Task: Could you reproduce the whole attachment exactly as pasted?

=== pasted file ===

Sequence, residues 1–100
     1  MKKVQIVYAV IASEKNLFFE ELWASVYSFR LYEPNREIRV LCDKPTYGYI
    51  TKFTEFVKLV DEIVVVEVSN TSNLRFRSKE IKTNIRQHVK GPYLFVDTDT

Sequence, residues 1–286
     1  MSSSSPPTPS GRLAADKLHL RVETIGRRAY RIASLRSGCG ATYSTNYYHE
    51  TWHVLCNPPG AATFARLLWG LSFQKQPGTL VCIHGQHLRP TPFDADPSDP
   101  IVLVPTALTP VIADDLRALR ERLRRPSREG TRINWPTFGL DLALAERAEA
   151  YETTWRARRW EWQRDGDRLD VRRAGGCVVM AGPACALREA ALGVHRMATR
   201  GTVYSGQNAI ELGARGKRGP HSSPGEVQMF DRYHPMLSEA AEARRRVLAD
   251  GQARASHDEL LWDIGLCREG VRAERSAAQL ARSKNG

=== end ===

Sequence, residues 1–100
     1  MKKVQIVYAV IASEKNLFFE ELWASVYSFR LYEPNREIRV LCDKPTYGYI
    51  TKFTEFVKLV DEIVVVEVSN TSNLRFRSKE IKTNIRQHVK GPYLFVDTDT

Sequence, residues 1–286
     1  MSSSSPPTPS GRLAADKLHL RVETIGRRAY RIASLRSGCG ATYSTNYYHE
    51  TWHVLCNPPG AATFARLLWG LSFQKQPGTL VCIHGQHLRP TPFDADPSDP
   101  IVLVPTALTP VIADDLRALR ERLRRPSREG TRINWPTFGL DLALAERAEA
   151  YETTWRARRW EWQRDGDRLD VRRAGGCVVM AGPACALREA ALGVHRMATR
   201  GTVYSGQNAI ELGARGKRGP HSSPGEVQMF DRYHPMLSEA AEARRRVLAD
   251  GQARASHDEL LWDIGLCREG VRAERSAAQL ARSKNG